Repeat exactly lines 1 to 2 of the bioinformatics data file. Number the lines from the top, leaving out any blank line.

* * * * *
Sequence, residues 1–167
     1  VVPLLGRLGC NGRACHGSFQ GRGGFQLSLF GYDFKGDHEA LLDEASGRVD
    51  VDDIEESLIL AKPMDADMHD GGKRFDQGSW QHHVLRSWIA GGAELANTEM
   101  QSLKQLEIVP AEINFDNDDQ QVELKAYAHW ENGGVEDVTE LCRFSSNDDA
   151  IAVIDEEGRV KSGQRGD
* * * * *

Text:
Sequence, residues 1–167
     1  VVPLLGRLGC NGRACHGSFQ GRGGFQLSLF GYDFKGDHEA LLDEASGRVD